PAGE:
Starring Emma Stone & Steve Carell, Battle of the Sexes is the dramatization of the real life events in 1973 which lead to the creation of the WTA, the Women’s Tennis Association.
Battle of the Sexes takes a look back at the monumental clash between former men’s Number 1, Bobby Riggs (Carell), in the twilight on his career. Up against one of the top women’s players at the time, Billie Jean King (Stone) in an open challenge to the Women’s tour. Back in the early 70s, the Women’s game was highly disregarded in the male dominated game, with far less pay and recognition than their male counterparts. So the consequences of this clash would go far beyond the court.
Though the subject of the movie may be Tennis, the film takes a greater look into the inner conflicts and demons that our two protagonists are facing. King is struggling to deal with her sexuality, and the pressures of being away on tour from her husband. Whereas Riggs is trying to balance the end of a career with his increasing gambling addiction, which is causing immence strain in his relationship with his wife.
Battle of the Sexes is a slow burner, as the first hour focuses mainly off the court, with both Stone & Carell excelling in their performances. Though the role is far more serious than what he usually does, Carell still brings his trademark flair to the role of Riggs, bringing sympathy to a character who revels playing the pantomine villain in this show.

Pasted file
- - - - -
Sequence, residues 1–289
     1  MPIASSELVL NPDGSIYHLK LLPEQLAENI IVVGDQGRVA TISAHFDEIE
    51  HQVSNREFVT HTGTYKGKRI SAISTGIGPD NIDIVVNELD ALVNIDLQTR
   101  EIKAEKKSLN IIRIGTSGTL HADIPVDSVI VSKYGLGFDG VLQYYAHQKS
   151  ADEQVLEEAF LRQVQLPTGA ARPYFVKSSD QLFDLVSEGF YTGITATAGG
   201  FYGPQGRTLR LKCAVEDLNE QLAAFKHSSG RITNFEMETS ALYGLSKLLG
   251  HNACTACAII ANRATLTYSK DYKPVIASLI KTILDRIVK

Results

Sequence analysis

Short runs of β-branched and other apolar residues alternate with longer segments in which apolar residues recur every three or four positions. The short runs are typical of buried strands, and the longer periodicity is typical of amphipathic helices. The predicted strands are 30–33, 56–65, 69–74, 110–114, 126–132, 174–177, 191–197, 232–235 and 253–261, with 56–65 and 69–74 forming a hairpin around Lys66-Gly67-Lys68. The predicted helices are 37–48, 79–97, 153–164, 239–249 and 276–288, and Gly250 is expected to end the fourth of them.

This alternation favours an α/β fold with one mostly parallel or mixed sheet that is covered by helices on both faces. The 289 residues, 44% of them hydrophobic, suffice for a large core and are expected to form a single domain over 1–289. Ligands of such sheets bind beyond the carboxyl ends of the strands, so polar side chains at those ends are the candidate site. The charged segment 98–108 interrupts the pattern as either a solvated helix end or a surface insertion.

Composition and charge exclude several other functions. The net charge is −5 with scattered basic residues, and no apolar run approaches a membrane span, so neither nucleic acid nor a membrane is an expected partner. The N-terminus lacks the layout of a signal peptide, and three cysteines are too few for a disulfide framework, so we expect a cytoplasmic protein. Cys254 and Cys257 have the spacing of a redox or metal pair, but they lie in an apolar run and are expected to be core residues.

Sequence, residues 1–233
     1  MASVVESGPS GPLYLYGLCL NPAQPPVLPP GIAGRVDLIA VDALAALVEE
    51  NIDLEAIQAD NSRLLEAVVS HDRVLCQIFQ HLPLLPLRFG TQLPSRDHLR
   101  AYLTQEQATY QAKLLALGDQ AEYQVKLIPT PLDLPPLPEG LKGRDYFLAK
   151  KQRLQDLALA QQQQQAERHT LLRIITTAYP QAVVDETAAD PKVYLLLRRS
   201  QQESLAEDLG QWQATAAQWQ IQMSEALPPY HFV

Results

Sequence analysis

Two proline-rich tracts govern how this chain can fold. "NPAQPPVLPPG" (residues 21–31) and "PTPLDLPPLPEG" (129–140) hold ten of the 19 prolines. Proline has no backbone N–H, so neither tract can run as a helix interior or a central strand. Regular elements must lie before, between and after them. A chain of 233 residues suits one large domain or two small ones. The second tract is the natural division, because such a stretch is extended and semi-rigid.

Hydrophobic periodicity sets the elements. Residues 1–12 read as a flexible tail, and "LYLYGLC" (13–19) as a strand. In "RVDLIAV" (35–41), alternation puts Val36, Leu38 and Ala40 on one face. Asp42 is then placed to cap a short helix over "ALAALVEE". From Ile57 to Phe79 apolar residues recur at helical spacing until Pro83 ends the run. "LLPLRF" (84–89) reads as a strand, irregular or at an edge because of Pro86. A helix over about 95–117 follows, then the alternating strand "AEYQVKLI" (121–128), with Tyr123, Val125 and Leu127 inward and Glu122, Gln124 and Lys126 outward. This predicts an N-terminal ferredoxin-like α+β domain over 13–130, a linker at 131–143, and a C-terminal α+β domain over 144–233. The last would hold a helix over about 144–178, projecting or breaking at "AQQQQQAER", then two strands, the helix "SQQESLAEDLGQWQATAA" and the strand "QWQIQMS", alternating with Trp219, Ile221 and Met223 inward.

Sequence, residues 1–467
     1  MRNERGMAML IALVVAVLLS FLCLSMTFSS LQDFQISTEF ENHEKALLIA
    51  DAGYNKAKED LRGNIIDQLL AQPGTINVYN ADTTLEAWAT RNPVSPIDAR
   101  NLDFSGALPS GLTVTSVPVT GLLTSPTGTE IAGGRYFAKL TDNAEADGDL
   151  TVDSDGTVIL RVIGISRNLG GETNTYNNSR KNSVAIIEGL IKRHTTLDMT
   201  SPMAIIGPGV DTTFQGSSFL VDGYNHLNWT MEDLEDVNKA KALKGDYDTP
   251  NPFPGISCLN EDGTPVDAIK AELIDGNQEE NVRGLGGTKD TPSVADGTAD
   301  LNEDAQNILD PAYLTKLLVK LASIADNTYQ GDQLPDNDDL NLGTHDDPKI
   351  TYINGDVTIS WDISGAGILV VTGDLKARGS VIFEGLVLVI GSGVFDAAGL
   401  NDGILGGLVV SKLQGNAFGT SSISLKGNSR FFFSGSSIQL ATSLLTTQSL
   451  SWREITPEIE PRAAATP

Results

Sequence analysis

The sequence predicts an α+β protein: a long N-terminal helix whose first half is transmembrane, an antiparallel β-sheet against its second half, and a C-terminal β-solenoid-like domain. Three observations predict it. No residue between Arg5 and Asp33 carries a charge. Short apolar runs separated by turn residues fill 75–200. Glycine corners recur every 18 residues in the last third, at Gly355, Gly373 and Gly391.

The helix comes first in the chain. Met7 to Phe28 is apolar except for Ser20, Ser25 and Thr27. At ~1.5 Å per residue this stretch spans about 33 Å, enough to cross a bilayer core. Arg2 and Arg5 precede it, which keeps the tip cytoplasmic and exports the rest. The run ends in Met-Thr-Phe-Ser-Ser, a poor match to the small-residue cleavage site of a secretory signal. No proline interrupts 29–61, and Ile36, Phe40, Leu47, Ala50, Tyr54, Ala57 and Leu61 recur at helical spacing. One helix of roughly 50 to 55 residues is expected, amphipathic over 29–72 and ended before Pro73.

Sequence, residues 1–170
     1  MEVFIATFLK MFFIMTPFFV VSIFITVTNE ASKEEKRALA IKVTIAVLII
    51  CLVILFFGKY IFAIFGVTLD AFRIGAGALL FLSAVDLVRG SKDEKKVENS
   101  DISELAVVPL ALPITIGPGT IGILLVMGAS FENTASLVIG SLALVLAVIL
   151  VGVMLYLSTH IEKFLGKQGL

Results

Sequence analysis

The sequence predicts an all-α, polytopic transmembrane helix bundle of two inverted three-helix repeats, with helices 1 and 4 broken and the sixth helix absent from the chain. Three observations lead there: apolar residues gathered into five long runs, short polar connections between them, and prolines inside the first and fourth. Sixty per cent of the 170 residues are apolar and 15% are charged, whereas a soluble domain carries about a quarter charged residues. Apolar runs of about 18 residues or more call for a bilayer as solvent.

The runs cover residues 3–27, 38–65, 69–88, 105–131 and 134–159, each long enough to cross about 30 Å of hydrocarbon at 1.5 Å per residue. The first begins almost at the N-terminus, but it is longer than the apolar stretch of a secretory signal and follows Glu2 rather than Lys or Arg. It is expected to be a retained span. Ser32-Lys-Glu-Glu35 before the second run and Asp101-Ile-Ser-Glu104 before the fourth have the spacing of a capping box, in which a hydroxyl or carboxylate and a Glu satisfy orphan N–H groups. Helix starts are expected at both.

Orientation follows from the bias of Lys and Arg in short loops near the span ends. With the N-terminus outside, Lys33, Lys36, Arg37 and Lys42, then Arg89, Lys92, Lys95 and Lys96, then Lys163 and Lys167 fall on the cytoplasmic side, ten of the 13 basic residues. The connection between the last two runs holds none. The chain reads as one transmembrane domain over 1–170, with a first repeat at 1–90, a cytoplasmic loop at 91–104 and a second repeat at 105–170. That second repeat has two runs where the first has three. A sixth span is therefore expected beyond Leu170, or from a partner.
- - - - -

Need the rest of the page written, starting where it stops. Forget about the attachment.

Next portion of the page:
The struggles faced especially by King, against a system which simply does not treat her colleagues as a serious threat and the credibility they deserve provides the movie with an antagonist we can all get behind, the USLTA commsioner Jack Kramer (Bill Pullman). Sarah Silverman also shines bright as the resourceful & sassy manager of the breakaway LTA organisation.
Battle of the Sexes is a must watch for any fan of Tennis, as the influences of this event still reverberates today. It may feel like it does drag on at times, and the actual showdown isn’t as hyped up as it could have been, it feels like the drama on the court could have been built up far more greater. The 2 actors are not known for the physical roles, so it probably was expected to reduce the on court scenes in a minimum. However it’s the players personal battles off court, that soar above their battles on court.